Cast: Jane Fonda (Hannah Warren), Alan Alda (Bill Warren), Maggie Smith (Diana Barrie), Michael Caine (Sidney Cochran), Walter Matthau (Marvin Michaels), Elaine May (Millie Michaels), Herbert Edelman (Harry Michaels), Denise Galik (Bunny), Richard Pryor (Dr Chauncey Gump), Bill Cosby (Dr Willis Panama), Gloria Gifford (Lola Gump), Sheila Frazier (Bettina Panama).
Crew: Herbert Ross (director), Ray Stark (producer), Neil Simon (writer), Claude Bolling (music), David M Walsh (cinematography), Michael A Stevenson (editor), Albert Brenner (production designer).
Synopsis: Five couples arrive at the Beverly Hills Hotel in California. New York journalist Hannah Warren is meeting her ex-husband Bill. Their seventeen-year-old daughter Jenny ran away to California to stay with Bill. Hannah wants her daughter to come home but eventually relents. Diana Barrie is nominated for best actress at the Academy Awards. She arrives at the hotel with her bisexual husband, Sidney Cochran. Diana does not win the Oscar and gets drunk. In the aftermath she and Sidney have a bitter argument, but manage to renew their love for each other. Marvin Michaels travels to Los Angeles for his nephew’s bar mitzvah. Marvin’s brother Harry pays for a prostitute to spend the night with Marvin. Next morning Marvin’s wife Millie arrives and discovers the hooker. Millie forgives her husband but vows to spend all his money. Two doctors from Chicago and their wives drive across the country on what is supposed to be the holiday of a lifetime. But the vacation is one long argument that finally turns violent…
Playwright Neil Simon has great success in 1968 with Plaza Suite, a collection of one-act plays all set in the same New York hotel room. The play became a successful film in 1971, starring Walter Matthau. Five years later Simon returned to the formula for California Suite, this time relocating events to the Beverly Hills Hotel. In 1978 director Herbert Ross collaborated with Simon on adapting that play into a film. Rather than simply presenting the stories one after the other, they opted to intersperse events from the four tales.
The project attracted a high calibre cast with six of actors having won or been nominated for Oscars. Caine played Sidney Cochran, his first performance as a gay man on film. ‘It was quite a difficult role but fascinating,’ he told the Daily Mirror in 1979. ‘I really don’t know what it will do to my image. The homosexuals will probably say, “I always knew he was one” and the heterosexuals will say, “I always wondered about him.”’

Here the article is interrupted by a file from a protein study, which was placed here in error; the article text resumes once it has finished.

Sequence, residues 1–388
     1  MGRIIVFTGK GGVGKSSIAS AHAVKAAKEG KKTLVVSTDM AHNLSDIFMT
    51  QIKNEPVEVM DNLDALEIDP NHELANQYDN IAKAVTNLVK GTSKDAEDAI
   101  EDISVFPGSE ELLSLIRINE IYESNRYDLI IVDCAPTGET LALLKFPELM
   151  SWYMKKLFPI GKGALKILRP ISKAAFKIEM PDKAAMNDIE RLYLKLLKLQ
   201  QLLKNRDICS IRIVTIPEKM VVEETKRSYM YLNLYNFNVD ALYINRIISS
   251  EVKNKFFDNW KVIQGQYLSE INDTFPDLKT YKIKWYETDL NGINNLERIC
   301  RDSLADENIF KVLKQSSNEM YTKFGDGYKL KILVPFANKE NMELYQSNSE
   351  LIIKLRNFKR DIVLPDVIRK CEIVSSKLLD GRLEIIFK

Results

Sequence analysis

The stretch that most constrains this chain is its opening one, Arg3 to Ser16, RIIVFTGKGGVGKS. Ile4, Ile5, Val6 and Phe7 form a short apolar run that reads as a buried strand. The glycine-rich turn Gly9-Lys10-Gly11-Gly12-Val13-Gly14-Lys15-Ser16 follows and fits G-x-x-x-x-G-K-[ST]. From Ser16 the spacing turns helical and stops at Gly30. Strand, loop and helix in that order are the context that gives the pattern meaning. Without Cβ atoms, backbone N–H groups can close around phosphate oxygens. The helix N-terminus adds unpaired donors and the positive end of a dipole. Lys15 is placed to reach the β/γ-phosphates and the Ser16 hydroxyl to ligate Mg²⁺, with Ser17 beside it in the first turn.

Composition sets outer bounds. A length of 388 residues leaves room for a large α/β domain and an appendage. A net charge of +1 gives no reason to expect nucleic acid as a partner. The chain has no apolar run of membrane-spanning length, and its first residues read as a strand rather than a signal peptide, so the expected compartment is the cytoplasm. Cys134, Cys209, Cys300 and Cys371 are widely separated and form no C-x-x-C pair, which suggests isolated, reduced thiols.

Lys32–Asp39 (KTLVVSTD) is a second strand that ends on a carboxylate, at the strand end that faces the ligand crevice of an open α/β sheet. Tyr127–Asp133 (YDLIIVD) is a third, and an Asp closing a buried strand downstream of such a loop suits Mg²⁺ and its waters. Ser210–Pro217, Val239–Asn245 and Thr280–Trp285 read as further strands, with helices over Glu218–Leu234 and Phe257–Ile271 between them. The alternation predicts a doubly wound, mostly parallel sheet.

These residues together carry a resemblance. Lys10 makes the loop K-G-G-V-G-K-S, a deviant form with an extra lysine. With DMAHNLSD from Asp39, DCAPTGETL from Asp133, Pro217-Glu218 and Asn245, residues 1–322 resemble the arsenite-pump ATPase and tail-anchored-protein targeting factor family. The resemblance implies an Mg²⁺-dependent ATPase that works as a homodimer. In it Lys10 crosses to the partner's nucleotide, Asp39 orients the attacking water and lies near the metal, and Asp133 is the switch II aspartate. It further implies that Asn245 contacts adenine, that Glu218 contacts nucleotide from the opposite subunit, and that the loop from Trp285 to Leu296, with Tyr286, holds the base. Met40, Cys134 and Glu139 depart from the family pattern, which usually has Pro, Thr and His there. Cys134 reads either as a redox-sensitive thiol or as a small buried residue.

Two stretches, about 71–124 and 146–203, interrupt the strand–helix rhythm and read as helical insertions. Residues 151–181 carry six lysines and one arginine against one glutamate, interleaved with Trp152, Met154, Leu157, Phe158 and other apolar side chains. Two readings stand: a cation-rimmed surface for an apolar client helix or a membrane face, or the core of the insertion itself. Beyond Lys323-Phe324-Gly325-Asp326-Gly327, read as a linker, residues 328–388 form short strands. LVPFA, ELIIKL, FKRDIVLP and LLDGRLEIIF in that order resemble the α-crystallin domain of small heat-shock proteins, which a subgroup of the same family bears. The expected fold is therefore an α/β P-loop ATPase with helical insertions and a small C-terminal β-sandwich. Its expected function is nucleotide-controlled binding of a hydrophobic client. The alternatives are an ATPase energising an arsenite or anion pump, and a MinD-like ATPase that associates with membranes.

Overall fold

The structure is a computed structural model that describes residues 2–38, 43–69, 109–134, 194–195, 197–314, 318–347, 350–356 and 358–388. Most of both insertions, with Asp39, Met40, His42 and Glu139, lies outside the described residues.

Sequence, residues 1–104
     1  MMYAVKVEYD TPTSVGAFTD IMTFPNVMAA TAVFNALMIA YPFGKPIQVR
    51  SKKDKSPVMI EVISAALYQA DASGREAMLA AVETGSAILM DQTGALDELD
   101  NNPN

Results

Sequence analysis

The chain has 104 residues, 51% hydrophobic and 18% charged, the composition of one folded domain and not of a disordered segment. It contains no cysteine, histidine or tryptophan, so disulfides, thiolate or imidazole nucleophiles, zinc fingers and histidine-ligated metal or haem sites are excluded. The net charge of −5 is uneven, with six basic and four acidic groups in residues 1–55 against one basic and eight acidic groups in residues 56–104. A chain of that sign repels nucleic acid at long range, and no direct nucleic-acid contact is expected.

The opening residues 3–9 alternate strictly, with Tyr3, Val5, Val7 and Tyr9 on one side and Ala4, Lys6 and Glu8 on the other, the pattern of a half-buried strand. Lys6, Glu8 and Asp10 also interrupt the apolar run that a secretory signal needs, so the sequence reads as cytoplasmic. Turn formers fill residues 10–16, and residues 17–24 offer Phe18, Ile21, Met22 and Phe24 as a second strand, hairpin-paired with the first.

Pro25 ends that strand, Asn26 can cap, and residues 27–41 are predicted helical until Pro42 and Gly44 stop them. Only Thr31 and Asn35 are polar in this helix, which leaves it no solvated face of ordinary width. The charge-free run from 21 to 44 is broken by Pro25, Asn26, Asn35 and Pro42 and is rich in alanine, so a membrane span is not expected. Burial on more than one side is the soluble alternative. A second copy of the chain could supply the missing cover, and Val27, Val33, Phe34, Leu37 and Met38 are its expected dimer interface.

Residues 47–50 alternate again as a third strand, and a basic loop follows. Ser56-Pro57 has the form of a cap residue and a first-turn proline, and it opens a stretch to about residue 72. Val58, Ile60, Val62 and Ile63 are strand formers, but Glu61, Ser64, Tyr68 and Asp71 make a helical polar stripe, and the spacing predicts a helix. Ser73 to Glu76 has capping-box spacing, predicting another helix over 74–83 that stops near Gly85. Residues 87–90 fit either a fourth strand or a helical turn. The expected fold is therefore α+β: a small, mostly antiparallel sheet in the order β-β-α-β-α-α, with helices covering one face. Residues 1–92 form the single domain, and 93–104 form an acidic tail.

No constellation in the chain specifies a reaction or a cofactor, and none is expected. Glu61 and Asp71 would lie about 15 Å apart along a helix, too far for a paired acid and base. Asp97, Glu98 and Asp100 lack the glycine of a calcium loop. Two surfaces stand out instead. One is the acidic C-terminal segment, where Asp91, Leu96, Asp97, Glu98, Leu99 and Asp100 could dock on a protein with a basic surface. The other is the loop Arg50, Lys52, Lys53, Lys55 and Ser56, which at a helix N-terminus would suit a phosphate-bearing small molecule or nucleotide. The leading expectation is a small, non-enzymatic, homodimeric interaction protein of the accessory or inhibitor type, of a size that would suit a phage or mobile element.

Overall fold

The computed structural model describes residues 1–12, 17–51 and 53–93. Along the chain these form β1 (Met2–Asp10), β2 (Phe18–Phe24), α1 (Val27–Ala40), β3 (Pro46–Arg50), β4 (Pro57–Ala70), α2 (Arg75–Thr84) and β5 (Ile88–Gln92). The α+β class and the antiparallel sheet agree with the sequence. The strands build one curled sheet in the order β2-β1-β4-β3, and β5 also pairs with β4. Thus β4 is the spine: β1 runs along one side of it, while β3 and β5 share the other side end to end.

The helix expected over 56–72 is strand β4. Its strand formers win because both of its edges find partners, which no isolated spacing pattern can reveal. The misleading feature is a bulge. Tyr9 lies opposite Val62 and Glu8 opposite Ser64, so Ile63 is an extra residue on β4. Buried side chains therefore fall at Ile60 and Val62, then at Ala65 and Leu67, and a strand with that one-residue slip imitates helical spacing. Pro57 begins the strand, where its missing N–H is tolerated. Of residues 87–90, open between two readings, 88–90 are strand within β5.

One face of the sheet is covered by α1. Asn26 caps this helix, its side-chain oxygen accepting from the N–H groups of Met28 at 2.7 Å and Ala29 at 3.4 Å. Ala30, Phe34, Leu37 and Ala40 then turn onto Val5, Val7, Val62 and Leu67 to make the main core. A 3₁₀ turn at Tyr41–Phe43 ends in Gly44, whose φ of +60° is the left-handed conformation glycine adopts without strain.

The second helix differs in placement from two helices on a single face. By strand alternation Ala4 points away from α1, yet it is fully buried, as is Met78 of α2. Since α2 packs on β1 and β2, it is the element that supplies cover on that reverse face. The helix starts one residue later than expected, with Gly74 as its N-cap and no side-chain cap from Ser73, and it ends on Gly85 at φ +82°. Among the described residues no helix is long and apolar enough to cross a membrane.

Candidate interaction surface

In a 2002 interview with Venice magazine, Caine recalled an encounter with Neil Simon on set during shooting. ‘One day he said to me, “You can really do my stuff. I’ve been watching the rushes.” I said, “Yeah, do you know what the secret to doing Neil Simon is? You can never stop moving.” You can’t do it standing still. It’s like Groucho Marx.’
California Suite received its US premiere in December 1978, rated PG. The picture got mixed reviews, with the sequence starring Caine and Maggie Smith getting the best notices. But the film still grossed nearly $30 million, aided by a strong showing at the awards ceremonies. Smith won for best actress in a musical or comedy at the Golden Globes, and the picture was nominated as best musical or comedy film. Smith was also nominated at the BAFTAs. She won an Oscar as best supporting actress – ironically for playing an actress who doesn’t win an Oscar. The film was received nominations for Simon’s screenplay and art direction. In her acceptance speech Smith thanked Caine, saying he deserved half her statuette: ‘It should be split down the middle.’
The film opened in the UK during March 1979, rated AA. Again, reviews praised Caine and Smith. In 1980 Caine considered the performance in California Suite among his best. ‘The timing was everything,’ he told Film Comment. ‘Doing that character was like walking on a razor blade. Very, very difficult and enervating.’ The film was released on video in the UK with a 15 rating in 1988. This was subsequently lowered to a 12 by the BBFC in 2001. California Suite is available on DVD in Britain and the US.
In 1994 Simon wrote London Suite, completing his trilogy of hotel-based plays. The characters played by Caine and Smith in California Suite returned in the new stage show. Caine declined an invitation to perform in the play, but offered his services if London Suite ever became a film.
Reviews: ‘The only story that is remotely successful is that concerning an Oscar nominated actress coming to terms with her husband’s bi-sexuality, touchingly conveyed by Michael Caine who’s better than he has been for many films…’ – Sunday Telegraph
‘Neil Simon and Herbert Ross have gambled in radically altering the successful format of California Suite … veering from poignant emotionalism to broad slapstick in sudden shifts.’ – Variety
Verdict: Transferring a successful stage play to the screen is a tricky business. Taking a show made up of four small plays and turning that into a movie is even harder. Despite having a great cast, an acclaimed writer and an Oscar-nominated director, California Suite doesn’t work as a cohesive movie. Cutting the four stories together simply heightens the disparities between them, rather than creating a meaningful contrast. Best of the quartet are the pairing of Caine and Smith as husband and wife, their scenes together both funny and moving. While Alan Alda and Jane Fonda get funnier dialogue in their segment, the British duo display far greater finesse. The bedroom farce with Walter Matthau is mildly amusing but the slapstick antics of Bill Cosby and Richard Pryor are just annoying. California Suite is the filmic definition of something being less than the sum of its parts.